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Superregnum: Eukaryota
Cladus: Unikonta
Cladus: Opisthokonta
Cladus: Holozoa
Regnum: Animalia
Subregnum: Eumetazoa
Cladus: Bilateria
Cladus: Nephrozoa
Cladus: Protostomia
Cladus: Ecdysozoa
Cladus: Panarthropoda
Phylum: Arthropoda
Subphylum: Hexapoda
Classis: Insecta
Cladus: Dicondylia
Subclassis: Pterygota
Cladus: Metapterygota
Infraclassis: Neoptera
Cladus: Eumetabola
Cladus: Endopterygota
Superordo: Panorpida
Cladus: Antliophora
Ordo: Diptera
Subordo: Brachycera
Infraordo: Muscomorpha
Sectio: Aschiza
Superfamilia: Syrphoidea

Familia: Pipunculidae
Subfamilia: Pipunculinae
Genus: †Priabona
Species (1): P. florissantius
Name

Priabona Archibald et al., 2014
References

Archibald, S.B.; Kehlmaier, C.; Mathewes, R.W. 2014: Early Eocene big headed flies (Diptera: Pipunculidae) from the Okanagan Highlands, western North America. Canadian entomologist, DOI: 10.4039/tce.2013.79 Reference page.

Priabona is an extinct genus of big-headed flies in the dipteran subfamily Nephrocerinae, within which it is one of only two genera. The genus contains a single described species, Priabona florissantius. Priabona is known from a single Late Eocene fossil from western North America.[1]
History and classification

Priabona is known from a compression-impression fossil preserved in fine shale of the Florissant Formation in Colorado.[1] The formation is composed of successive lake deposits which have preserved a diverse assemblage of insects. The insects and plants suggest a climate similar to modern Southeastern North America, with a number of taxa represented that are now found in the subtropics to tropics and confined to the Old World. When Priabona was described, the Florissant formation was considered to be Miocene in age, based on the flora and fauna preserved. Subsequent research and fossil descriptions permitted a re-examined dating, and by 1985 the formation had been reassigned to an Oligocene age.[2] Further refinement of the formation's age using radiometric dating of sanidine crystals has resulted in an age of 34 million years, which places the formation in the Late Eocene Priabonian stage.[3][4][5]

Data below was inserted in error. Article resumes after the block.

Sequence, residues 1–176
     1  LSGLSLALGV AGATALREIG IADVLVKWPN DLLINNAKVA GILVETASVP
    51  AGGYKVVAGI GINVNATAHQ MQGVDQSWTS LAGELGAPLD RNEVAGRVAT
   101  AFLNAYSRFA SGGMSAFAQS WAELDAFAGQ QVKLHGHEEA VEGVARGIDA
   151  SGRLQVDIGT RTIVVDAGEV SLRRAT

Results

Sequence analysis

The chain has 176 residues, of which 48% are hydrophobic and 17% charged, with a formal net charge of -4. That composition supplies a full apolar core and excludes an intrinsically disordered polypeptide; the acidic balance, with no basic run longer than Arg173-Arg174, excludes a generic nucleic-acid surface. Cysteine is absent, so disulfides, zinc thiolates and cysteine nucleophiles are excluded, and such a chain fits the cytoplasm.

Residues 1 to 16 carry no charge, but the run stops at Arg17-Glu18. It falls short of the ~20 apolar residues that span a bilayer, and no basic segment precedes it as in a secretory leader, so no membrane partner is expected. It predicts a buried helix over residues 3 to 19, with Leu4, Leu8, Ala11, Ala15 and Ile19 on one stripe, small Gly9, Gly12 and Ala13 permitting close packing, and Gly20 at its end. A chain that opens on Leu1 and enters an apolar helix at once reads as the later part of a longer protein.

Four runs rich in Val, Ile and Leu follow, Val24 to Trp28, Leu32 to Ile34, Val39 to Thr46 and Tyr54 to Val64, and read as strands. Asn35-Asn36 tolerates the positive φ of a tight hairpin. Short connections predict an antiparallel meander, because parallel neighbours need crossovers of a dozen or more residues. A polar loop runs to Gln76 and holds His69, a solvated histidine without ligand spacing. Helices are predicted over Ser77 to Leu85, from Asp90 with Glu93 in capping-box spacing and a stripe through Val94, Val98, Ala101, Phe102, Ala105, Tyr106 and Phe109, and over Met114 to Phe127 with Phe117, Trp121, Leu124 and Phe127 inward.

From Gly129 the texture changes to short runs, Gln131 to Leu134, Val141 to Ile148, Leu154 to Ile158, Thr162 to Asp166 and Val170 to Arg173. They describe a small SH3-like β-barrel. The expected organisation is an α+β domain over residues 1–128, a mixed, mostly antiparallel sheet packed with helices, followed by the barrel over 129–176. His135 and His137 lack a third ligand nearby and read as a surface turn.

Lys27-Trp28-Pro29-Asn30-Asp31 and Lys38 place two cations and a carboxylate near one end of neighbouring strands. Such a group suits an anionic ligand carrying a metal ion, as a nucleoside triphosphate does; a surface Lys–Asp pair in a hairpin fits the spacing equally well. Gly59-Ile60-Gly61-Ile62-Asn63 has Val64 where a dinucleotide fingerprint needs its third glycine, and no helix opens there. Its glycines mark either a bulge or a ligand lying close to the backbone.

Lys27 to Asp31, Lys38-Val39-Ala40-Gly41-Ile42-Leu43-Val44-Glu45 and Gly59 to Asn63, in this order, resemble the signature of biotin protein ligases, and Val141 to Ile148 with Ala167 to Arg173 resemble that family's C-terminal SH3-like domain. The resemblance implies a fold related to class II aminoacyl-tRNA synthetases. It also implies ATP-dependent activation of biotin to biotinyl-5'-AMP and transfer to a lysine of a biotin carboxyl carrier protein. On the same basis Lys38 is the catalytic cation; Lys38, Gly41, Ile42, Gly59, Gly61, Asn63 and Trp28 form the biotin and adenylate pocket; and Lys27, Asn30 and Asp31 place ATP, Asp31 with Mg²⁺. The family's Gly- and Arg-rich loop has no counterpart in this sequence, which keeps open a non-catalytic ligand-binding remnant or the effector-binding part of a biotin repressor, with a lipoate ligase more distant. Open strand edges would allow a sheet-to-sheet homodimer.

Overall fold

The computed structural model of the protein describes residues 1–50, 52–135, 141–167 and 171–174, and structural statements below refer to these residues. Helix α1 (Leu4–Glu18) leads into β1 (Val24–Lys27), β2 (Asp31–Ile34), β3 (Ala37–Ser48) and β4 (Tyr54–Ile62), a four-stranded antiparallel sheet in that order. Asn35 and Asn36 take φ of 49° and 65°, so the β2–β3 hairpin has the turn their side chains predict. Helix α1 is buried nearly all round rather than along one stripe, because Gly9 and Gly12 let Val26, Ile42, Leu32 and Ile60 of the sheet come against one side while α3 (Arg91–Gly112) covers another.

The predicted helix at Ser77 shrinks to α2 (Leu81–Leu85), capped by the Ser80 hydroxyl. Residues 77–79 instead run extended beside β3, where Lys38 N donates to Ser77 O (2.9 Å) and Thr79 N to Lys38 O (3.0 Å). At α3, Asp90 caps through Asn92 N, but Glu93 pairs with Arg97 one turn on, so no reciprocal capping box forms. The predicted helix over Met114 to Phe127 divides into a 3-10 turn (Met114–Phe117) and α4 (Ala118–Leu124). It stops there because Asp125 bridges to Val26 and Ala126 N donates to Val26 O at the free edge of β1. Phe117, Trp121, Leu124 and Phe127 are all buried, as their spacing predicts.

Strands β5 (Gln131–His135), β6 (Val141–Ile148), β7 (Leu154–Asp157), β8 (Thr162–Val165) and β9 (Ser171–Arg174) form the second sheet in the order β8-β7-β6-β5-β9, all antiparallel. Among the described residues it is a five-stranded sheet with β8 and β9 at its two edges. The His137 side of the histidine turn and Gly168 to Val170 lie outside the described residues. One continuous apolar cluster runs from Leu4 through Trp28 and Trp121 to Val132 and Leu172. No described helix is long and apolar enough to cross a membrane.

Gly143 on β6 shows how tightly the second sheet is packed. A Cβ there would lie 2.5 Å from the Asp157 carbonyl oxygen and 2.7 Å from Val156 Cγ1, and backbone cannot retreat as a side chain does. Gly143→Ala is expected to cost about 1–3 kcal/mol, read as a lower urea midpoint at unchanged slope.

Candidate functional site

At the time of description the holotype specimen, number 3976 was deposited in the Museum of Comparative Zoology paleontology collections at Harvard University. Placement of the group has changed several times, with Nepherocerus Metanephrocerus Priabona and Protonephrocerus being placed in the pipunculid subfamily Nephrocerinae from 1948 until 2014. The placement of the tribe Protonephrocerini, containing Metanephrocerus and Protonephrocerus, was challenged in 2014 by Kehlmaier, Dierick and Skevington who suggested inclusion of the genera made Nephrocerinae paraphyletic. As such they elevated the tribe Protonephrocerini to the subfamily rank as Protonephrocerinae, leaving only Nephrocerus and Priabona in Nephrocerinae.[6] The species was originally placed into the genus Protonephrocerus by Frank M. Carpenter and F.M. Hull with their type description in 1939. The species was moved in 2014, based on a redescription of the type specimen, to the new genus Priabona. The generic epithet "Priabona" is taken from Priabonian, the age of the Florissant Formation.[1]
Description

P. florissantius has a body length of 4.5 millimetres (0.18 in), with the details of the head mostly indistinct. There appears to be a notch between the eyes which runs halfway up the rear-side of the head capsule. The wings of the holotype are 4.6 millimetres (0.18 in) and hyaline overall, with a darkening of the pterostigma. The femurs of P. florissantius are unique in that they have several darkened spines on the undersides and which have setae on the front and upper sides, a feature absent in Nephrocerus.[1]
References

Archibald, SB; Kehlmaier, C; Mathewes, RW (2014). "Early Eocene big headed flies (Diptera: Pipunculidae) from the Okanagan Highlands, western North America". The Canadian Entomologist. 146 (4): 429–443. doi:10.4039/tce.2013.79.
Tindale, N. B. (1985). "A butterfly-moth (Lepidoptera:Castniidae) form the Oligocene shales of Florissant, Colorado" (PDF). Journal of Research on the Lepidoptera. 24 (1): 31–40.
Ksepka, D.T.; Clarke, J.A. (2009). "Affinities of Palaeospiza bella and the Phylogeny and Biogeography of Mousebirds (Coliiformes)". The Auk. The American Ornithologists' Union. 126 (2): 245–259. doi:10.1525/auk.2009.07178. S2CID 85597698.
Lloyd, K.J.; Eberle, J.J. (2008). "A New Talpid from the Late Eocene of North America". Acta Palaeontologica Polonica. Institute of Paleobiology, Polish Academy of Sciences. 53 (3): 539–543. doi:10.4202/app.2008.0311.
Worley-Georg, M.P.; Eberle, J.J. (2006). "Additions to the Chadronian mammalian fauna, Florissant Formation, Florissant Fossil Beds National Monument, Colorado". Journal of Vertebrate Paleontology. The Society of Vertebrate Paleontology. 26 (3): 685–696. doi:10.1671/0272-4634(2006)26[685:ATTCMF]2.0.CO;2.
Kehlmaier, C; Dierick, M; Skevington, JH (2014). "Micro-CT studies of amber inclusions reveal internal genitalic features of big-headed flies, enabling a systematic placement of Metanephrocerus Aczel, 1948 (Insecta: Diptera: Pipunculidae)". Arthropod Systematics & Phylogeny. 72 (1): 23–36.

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